Although the trustee sale market is a bit slow these days, it may be a good time to take a breath and learn about what survives trustee sales and what options you have to resolve them. Most all government related liens will survive a trustee sale. I am going to touch on a few of the most common liens trustee sale purchasers have to deal with. The city ordnance lien is one that will still need to be dealt with after a trustee sale. A city ordinance lien is placed against a property when there is a violation of that city’s covenants and restrictions. Sometimes it is something as small as weeds that need to be pulled in the front yard and sometimes it is a big as an addition on the house was not done to city code. These liens typically will have the contact number for the city controller handling the violation and monitoring the home for cures to those violations. If a fine is assessed the fines can incur late fees and interest; over time that can really eat away at your P&L. The city in typically just wants the property brought back up to code and will sometimes waive fees and charges once the property is in compliance. If you contact the case worker regarding the violation they may even meet you at the property and walk you through what they expect to be fixed or dealt with prior to releasing their lien and waiving fees.
Another big issue we are starting to see due to the economy is federal tax liens. There is a lot of inaccurate information around federal tax liens and whether they survive a trustee sale and for how long. The real deal is that a federal tax lien does survive the sale but unlike the city ordinance violation that must be dealt with the tax liens do have an expiration date. As long as there is proof that the IRS was properly noticed that the sale was to occur on a specific date then the lien has a shelf life of 120 days from the date of the trustee sale. Should the IRS Choose to take the property for payment of the lien you would be reimbursed for the amount you paid at the sale but not for any work done to the property. If you choose to buy at auction knowing there is a tax lien on the property, be aware of your timelines and liability. There is typically no negotiation on these liens as you would need a signed 8821 form from the taxpayer in order to speak to the IRS about their taxes even though the lien is now on your property. Although your title company would be happy to do a quick search on the property to see what liens you may have to deal with, federal tax liens are usually in the form of a judgment lien against the previous owners name and not always a physical lien against the property so they would not show on the Maricopa County records. You would have to run a judgment search against that owner’s name to see the lien. So be sure you are getting your information from someone who knows what to look for and how to get the most comprehensive information possible to make an informed decision on that property before you put your bid in.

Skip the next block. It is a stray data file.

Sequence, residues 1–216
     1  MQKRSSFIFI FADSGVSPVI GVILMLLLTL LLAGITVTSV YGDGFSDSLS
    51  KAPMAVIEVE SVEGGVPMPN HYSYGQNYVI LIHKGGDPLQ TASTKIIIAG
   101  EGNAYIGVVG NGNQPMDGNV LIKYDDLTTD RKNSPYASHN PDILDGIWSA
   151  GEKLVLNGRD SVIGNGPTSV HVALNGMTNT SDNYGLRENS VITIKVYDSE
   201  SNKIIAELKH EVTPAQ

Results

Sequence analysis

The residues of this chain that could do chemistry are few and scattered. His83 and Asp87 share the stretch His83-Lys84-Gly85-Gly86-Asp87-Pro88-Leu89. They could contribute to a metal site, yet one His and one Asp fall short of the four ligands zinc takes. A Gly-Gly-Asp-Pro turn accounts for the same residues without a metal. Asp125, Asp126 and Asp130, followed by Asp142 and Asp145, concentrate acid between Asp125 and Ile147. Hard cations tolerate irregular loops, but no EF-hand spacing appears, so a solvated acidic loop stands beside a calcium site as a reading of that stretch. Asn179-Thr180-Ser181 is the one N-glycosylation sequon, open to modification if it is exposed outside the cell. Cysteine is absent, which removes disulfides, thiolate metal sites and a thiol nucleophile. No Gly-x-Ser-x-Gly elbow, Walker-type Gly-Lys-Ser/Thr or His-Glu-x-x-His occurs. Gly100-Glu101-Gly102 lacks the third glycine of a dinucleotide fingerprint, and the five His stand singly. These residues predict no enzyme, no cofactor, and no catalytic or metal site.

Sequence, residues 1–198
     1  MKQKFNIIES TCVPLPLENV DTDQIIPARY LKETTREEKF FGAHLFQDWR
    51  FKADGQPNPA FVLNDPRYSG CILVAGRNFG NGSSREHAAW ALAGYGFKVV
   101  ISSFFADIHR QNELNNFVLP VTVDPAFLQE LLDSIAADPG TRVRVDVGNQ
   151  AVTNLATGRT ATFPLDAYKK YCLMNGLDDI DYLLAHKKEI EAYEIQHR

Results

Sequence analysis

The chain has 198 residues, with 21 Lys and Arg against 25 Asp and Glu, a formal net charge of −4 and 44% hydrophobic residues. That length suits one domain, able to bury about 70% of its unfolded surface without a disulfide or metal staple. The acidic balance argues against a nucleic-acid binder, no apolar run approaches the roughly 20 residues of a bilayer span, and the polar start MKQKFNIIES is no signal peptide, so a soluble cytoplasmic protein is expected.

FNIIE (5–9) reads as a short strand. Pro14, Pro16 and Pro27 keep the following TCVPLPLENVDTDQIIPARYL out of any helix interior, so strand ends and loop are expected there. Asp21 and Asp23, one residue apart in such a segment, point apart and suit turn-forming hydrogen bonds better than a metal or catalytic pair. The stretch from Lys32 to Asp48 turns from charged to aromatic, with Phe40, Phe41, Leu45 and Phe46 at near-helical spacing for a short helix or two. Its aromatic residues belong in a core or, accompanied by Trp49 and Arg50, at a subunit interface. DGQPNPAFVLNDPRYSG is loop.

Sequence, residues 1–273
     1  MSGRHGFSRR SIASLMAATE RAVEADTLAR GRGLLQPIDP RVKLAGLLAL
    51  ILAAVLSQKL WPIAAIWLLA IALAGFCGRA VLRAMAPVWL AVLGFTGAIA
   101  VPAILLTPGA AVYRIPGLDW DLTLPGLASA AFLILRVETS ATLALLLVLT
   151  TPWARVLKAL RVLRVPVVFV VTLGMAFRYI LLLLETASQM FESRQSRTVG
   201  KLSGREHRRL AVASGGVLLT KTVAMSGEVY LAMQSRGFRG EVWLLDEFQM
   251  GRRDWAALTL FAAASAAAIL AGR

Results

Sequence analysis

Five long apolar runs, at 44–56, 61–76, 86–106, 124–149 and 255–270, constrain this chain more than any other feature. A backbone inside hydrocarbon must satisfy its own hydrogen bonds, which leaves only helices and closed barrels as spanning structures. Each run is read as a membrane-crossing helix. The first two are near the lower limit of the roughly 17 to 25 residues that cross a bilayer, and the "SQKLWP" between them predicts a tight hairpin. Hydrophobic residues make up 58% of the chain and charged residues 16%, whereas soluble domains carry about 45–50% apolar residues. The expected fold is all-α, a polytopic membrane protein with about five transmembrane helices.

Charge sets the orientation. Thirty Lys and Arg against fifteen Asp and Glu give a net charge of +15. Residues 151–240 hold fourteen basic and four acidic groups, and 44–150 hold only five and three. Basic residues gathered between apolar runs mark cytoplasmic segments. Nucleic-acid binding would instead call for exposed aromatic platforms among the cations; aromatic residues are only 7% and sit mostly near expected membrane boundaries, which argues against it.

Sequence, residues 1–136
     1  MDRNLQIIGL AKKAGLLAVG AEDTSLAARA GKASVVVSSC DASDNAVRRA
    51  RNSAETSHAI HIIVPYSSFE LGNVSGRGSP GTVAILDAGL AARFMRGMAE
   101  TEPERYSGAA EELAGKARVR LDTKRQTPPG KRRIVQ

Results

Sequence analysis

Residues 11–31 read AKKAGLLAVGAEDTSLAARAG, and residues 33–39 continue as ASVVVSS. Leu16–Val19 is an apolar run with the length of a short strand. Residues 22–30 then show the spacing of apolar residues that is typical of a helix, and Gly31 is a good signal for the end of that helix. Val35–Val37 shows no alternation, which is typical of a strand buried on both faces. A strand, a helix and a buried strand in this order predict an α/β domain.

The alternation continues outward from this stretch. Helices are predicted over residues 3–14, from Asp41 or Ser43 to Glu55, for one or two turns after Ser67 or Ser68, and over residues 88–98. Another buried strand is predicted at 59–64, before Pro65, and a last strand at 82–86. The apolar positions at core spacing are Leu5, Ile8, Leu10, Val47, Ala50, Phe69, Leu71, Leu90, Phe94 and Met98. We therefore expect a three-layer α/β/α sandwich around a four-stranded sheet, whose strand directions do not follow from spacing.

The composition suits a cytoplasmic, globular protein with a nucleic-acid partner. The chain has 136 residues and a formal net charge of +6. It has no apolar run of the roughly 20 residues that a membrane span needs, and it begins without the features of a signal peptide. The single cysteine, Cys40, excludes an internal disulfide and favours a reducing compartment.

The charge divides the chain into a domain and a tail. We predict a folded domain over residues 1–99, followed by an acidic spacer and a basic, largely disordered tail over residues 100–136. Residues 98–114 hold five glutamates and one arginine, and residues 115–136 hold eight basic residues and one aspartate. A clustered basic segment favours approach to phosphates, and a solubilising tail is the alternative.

As always, Chicago Title, Jill Bright and I are here to help!